Twit Nits: 12 Top Twitter Annoyances

Twitter's popularity may have exploded over the past year, but its feature set continues to evolve at a seemingly glacial pace. New users quickly realize that they need to shop around in the Twitter developer ecosystem for add-on software and Web-based services that fill in missing features and address the annoyances that the microblogging service's deficiencies present.

Twitter's popularity may have exploded over the past year, but its feature set continues to evolve at a seemingly glacial pace. New users quickly realize that they need to shop around in the Twitter developer ecosystem for add-on software and Web-based services that fill in missing features and address the annoyances that the microblogging service's deficiencies present.

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While this ad-hoc approach to completing Twitter is great for the community of developers working on complementary products, it doesn't foster a coherent environment for users. Twitter Inc. relies heavily on third parties to develop the most basic solutions rather than provide a robust core feature set within its basic service.

To be sure, Twitter has a strong ecosystem of developers who, using Twitter's API, have built applications that address many of the service's shortcomings. "What is amazing to me about Twitter is the degree to which the community has learned to game the system to create work-arounds," says Margaret Wallace, a Twitter enthusiast and CEO of Rebel Monkey Inc., a developer of online games.

"Twitter has gone further in opening up its APIs than most companies, so it is easy to build these things," says Jeffrey Mann, an analyst at research firm Gartner Inc. For Twitter, he says, the real value is in the tweets, not the tools to make tweets. More developers means more traffic. "They want to build out the platform, not the tools," says Mann. But since no tool does it all, some users end up with a full toolbox.

Wallace finds herself flitting among several different tools that augment or extend her Twitter environment. She regularly depends on Buzzom, Mr. Tweet, Tweetie and TinyURL, and she occasionally turns to WeFollow, Twitterholic and Twitpic to meet her needs.

She's not alone: Computerworld spoke with a variety of sources for this story, from run-of-the-mill users to celebrity tweeters. While individual lists of Twitter annoyances varied a bit, about a dozen criticisms rose to the top. All of the users said that they rely on third-party tools to remedy shortcomings, but the component stereo approach to Twitter has its limits. Most would like to see at least some of the missing features integrated into a more complete offering.

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Like Wallace, many users aren't happy about having to move among several different services to manage all aspects of their Twitter environment. Howard Rheingold, a frequent Twitterer, lecturer at Stanford University and author of the book Smart Mobs: The Next Social Revolution, thinks more of the core functionality needs to be pulled into one place. "I only have so much patience with installing applications," he says.

We ran several of these criticisms by Twitter for comment -- and received no response. A Twitter PR representative did reply to one initial question for this story but did not reply or acknowledge a more detailed list of questions, despite repeated attempts to contact her over a two-week period. Messages left for others at the company, including co-founder Evan Williams, also went unanswered.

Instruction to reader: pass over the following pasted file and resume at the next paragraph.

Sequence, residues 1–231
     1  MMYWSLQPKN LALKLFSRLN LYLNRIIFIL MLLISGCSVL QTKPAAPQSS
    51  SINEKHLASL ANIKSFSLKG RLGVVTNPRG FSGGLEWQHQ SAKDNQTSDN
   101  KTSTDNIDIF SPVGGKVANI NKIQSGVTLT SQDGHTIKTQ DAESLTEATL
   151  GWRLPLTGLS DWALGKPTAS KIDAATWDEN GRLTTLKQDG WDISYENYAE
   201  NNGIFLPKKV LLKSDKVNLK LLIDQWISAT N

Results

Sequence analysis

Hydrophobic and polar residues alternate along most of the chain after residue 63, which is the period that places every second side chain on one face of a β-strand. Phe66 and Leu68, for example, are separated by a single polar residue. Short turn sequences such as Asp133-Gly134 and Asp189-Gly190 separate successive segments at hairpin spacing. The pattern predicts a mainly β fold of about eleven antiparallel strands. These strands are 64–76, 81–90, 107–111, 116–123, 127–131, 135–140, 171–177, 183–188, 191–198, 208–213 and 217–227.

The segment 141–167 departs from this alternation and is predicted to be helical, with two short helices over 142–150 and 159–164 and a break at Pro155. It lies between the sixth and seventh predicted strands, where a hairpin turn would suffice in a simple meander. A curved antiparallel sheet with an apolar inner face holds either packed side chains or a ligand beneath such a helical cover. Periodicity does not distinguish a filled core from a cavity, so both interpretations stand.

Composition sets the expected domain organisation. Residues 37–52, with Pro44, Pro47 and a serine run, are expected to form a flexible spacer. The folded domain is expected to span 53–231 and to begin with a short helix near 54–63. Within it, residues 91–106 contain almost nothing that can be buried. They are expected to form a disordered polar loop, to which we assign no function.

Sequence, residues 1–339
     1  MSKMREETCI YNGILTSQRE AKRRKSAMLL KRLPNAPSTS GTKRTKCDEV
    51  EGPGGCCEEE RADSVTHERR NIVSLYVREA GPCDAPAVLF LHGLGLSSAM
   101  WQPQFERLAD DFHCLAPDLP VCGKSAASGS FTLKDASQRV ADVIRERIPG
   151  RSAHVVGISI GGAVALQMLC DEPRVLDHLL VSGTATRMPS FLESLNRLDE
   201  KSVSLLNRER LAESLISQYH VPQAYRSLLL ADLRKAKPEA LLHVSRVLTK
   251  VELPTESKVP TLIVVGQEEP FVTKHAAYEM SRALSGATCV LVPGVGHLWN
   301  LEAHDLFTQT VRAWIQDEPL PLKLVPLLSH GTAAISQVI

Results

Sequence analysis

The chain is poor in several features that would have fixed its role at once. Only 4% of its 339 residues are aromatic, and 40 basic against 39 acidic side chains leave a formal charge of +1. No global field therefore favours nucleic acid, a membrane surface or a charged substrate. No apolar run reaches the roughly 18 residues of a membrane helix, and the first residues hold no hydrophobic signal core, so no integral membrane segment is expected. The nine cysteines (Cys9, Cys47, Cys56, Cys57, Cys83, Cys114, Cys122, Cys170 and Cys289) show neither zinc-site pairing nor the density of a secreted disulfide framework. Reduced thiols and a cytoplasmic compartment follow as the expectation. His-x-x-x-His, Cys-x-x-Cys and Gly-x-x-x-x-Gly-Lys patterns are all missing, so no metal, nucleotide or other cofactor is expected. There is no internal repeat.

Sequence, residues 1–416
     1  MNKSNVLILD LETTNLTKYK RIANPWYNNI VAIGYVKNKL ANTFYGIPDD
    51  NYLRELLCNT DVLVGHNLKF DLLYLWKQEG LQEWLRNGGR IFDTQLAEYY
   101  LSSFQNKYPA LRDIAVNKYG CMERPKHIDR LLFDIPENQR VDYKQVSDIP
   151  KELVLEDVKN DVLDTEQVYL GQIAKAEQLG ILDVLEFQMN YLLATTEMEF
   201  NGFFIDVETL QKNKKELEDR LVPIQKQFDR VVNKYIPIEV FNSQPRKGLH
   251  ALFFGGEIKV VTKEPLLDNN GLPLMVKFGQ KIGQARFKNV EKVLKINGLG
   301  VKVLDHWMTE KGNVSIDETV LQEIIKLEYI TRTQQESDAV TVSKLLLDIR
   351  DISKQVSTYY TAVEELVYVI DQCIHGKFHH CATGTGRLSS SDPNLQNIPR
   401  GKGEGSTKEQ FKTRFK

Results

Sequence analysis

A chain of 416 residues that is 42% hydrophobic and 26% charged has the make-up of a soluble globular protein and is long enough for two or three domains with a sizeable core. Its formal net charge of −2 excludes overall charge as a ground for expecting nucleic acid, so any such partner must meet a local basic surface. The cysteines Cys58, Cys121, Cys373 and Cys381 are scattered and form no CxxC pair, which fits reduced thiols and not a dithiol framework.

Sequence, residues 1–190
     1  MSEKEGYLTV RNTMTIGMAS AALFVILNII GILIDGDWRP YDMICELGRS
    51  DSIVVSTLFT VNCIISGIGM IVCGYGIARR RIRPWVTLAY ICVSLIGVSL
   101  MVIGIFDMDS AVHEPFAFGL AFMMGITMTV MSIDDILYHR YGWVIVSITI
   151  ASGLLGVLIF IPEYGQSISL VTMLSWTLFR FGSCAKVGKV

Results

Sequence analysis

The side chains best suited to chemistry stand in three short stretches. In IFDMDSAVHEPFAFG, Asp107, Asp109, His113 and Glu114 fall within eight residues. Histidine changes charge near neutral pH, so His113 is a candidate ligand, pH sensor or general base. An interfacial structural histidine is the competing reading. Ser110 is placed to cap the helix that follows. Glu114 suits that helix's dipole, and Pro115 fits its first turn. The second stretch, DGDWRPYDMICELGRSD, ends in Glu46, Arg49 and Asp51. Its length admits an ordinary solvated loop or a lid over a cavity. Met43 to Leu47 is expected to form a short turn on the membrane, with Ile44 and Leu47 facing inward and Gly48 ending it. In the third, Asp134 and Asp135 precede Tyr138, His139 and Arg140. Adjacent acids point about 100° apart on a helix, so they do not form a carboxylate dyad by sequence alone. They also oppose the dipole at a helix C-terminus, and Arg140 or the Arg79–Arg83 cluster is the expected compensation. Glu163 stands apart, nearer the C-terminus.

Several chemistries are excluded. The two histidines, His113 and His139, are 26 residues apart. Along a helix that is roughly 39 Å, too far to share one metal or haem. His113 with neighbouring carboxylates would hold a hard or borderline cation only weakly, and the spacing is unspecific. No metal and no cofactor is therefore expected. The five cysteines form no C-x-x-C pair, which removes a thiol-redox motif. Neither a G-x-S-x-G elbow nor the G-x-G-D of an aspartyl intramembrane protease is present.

Do these Twitter shortcomings annoy you? Judge for yourself. Here's our list of top annoyances -- and the third-party tools and fixes users say they've come up with to work around them. When you've finished reading, vote in our quick poll to let Twitter know which enhancements you'd most like to see, or discuss your pet Twitter peeves in the article comments.

No support for groups

The inability to group the people you are following into discrete message streams (news, family, friends, etc.) is one of the biggies. Grouping is vital as the number of people you follow and who follow you expands.

Twit nit tweet: No group feature! This is probably the No. 1 reason that users reach for TweetDeck and other tools -- which, by the way, do a great job.

Fortunately, the lack of support for groups is one that many third-party tools address very well. The TweetDeck user interface software for Twitter was among the first products to offer support for groups, and it remains one of the most popular Twitter add-ons.

Other tools offer their own unique group features. Laura Fitton, founder and CEO of Pistachio Consulting and a heavy Twitter user, says she likes the fact that PeopleBrowsr groups can follow everyone who has used a specific hashtag, such as #iranelection, while Twitter4Groups lets you set up private notification groups.

Alternative user interfaces do a good job. Still, why not offer at least a basic group functionality within the Twitter interface?

All or nothing privacy

Without support for groups, it is difficult to offer private message streams to certain users. Today, privacy is an all-or-nothing proposition on Twitter.

Sure, you can use Twitter's direct message (DM) feature to send a private message to any individual -- if that person follows you. And @replies are semi-private in that those messages can be seen only by Twitter users who follow both the sender and the recipient. You can also "protect" all updates to your Twitter stream, making them private so that only followers you approve can see them. But Twitter won't allow you to have a mix of both public tweets and private ones that, for example, only your friends or co-workers can see.

"I want to be able to notify a specific team privately but do so right in the main stream of their normal Twitter usage," Fitton says. For that she needs a work-around like the one offered by GroupTweet and similar tools.

Twit nit tweet: Public or private? You can't have it both ways. It's all or nothing when creating tweets.

But the solution is a bit of a kludge. For example, GroupTweet's scheme requires that you set up a separate Twitter account for your group name, protect it and then explicitly allow each member of the group to view tweets from that account. When one group member sends a DM to the group account, GroupTweet republishes it as a tweet that all group members can follow. It works, but native Twitter support for private groups would be much cleaner.

No consolidated view of multiple user accounts